Budget watchdog says reformed fiscal stabilization program will cost Ottawa $4.5 billion
Program buttresses provincial budgets following steep revenue losses
Reforms to a federal support program for provinces will nearly triple the cost to Ottawa next year, with the price tag projected to be about $4.5 billion, says Canada's parliamentary budget officer.
Yves Giroux says the government's fiscal stabilization program, which transfers cash to provinces that experience steep year-over-year revenue drops, will increase by $2.9 billion in fiscal 2021-22.
Prime Minister Justin Trudeau announced a major change to the program in the government's fall economic update.
The revenue-insurance plan will lift funding capped for more than three decades at $60 per resident to $170, indexing the payment ceiling to Canada's rate of GDP growth per person.
Alberta Premier Jason Kenney has said the overhaul does not go far enough and has called it a "slap in the face," since even major declines in resource revenue might not trigger the fiscal stabilization, while a five per cent drop in non-resource revenue will.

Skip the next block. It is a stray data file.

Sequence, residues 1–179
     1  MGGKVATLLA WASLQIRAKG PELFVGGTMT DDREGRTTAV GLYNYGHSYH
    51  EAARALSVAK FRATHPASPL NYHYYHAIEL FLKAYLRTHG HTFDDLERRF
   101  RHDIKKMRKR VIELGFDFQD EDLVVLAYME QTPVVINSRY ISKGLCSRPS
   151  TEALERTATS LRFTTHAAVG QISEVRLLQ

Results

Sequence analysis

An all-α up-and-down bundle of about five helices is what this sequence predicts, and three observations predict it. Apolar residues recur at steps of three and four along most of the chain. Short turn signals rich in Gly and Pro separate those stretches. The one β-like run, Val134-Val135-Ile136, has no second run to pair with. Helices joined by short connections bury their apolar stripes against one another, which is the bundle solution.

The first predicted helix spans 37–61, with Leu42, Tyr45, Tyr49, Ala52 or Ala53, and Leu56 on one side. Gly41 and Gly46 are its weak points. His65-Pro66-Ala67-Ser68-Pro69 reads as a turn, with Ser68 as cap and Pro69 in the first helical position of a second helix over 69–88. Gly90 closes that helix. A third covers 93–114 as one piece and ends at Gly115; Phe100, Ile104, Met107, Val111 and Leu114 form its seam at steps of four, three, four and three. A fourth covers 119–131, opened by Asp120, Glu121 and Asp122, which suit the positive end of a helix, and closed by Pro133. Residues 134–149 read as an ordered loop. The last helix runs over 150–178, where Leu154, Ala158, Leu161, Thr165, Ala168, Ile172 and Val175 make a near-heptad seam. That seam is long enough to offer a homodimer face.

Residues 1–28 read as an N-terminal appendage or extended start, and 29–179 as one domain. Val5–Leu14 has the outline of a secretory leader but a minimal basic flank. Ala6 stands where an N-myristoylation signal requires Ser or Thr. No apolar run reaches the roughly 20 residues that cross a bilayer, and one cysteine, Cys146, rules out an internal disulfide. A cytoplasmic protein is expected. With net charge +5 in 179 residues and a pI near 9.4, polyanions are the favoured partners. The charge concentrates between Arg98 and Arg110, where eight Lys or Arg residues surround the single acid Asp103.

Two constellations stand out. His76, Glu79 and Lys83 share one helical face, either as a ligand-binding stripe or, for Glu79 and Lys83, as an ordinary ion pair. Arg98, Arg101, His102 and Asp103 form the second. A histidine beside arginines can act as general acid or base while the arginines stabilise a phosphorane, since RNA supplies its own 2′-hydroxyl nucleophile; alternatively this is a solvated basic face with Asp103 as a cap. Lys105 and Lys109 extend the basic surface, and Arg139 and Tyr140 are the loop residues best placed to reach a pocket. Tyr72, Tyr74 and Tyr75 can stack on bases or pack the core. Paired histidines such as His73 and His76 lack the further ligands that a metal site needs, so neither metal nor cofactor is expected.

The program only kicks in for resource income when decreases exceed 50 per cent.
The beefed-up federal support comes as provinces wobble under the strain of record deficits and revenue shortfalls due to the COVID-19 pandemic and related restrictions.
Some provinces skeptical of reforms
Several provincial ministers expressed disappointment the Liberals didn't eliminate the funding cap as they had asked.
Alberta Finance Minister Travis Toews said last month his province expected to receive $750 million under the new limits, a figure that falls well short of what Alberta could use.
Newfoundland and Labrador's Finance Minister Siobhan Coady has said that her province's projected 45 per cent drop in offshore oil revenues this year would not allow it to qualify for help through the stabilization fund.
Provinces are also allowed to apply for an interest-free loan under the program, though none has requested one since 1987, the budget office says.
The program dates back to 1967. It was brought in under Lester Pearson's Liberal government to help cushion the blow to provinces going through economic rough patches.